There was a problem with the original simulation in this post, which is hopefully now fixed.
While the estimate of sample standard deviation tends to grow along with the numerator as the mean deviates from $\mu_0$, this turns out to not have all that big an effect on power at "typical" significance levels, because in medium to large samples, $s^*/\sqrt n$ still tends to be large enough to reject. In smaller samples it may be having some effect, though, and at very small significance levels this could become very important, because it will place an upper bound on the power that will be less than 1.
A second issue, possibly more important at 'common' significance levels, seems to be that the numerator and denominator of the test statistic are no longer independent at the null (the square of $\bar x-\mu$ is correlated with the variance estimate).
This means the test no longer has a t-distribution under the null. It's not a fatal flaw, but it means you can't just use tables and get the significance level you want (as we will see in a minute). That is, the test becomes conservative and this impacts the power.
As n becomes large, this dependence becomes less of an issue (not least because you can invoke the CLT for the numerator and use Slutsky's theorem to say than there's an asymptotic normal distribution for the modified statistic).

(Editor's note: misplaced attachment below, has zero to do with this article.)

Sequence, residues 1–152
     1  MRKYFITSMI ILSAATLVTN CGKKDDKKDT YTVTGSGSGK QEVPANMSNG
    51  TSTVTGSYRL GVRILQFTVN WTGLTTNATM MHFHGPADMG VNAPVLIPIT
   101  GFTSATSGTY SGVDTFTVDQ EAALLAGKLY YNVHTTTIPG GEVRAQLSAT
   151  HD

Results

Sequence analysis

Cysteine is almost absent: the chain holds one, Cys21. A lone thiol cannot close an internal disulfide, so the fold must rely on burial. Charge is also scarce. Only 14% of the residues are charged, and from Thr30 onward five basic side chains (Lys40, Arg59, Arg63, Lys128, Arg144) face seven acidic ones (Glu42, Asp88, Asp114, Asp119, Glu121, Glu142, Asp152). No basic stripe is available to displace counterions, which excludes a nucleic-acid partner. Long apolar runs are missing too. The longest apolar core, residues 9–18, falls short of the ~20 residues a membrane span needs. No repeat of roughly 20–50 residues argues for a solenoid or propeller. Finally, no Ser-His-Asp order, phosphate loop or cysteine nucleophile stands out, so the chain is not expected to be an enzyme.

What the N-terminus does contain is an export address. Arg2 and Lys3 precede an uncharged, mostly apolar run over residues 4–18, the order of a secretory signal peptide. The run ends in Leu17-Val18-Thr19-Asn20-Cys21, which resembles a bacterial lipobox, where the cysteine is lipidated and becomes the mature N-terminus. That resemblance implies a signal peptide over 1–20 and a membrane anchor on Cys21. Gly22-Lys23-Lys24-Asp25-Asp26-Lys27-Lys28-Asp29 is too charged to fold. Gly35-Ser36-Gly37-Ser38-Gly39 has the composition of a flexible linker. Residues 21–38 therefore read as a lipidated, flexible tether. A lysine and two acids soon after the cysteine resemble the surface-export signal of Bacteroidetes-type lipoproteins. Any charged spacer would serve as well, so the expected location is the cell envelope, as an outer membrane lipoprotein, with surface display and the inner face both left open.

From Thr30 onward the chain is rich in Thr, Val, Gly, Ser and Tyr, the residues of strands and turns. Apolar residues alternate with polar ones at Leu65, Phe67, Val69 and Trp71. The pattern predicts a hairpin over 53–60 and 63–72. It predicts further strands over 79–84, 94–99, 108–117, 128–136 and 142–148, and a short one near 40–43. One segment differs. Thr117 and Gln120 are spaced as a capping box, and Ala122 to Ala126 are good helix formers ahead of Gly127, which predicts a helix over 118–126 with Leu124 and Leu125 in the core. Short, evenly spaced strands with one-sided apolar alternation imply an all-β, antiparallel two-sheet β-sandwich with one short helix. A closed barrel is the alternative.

Here's the power curve for an ordinary two sample t (purple curve, two tailed test) and for the test using the null value of $\mu_0$ in the calculation of $s$ (blue dots, obtained via simulation, and using t-tables), as the population mean moves away from the hypothesized value, for $n=10$:
You can see the power curve is lower (it gets much worse at lower sample sizes), but much of that seems to be because the dependence between numerator and denominator has lowered the significance level. If you adjust the critical values appropriately, there would be little between them even at n=10.
And here's the power curve again, but now for $n=30$
This suggests that at non-small sample sizes there's not all that much between them, as long as you don't need to use very small significance levels.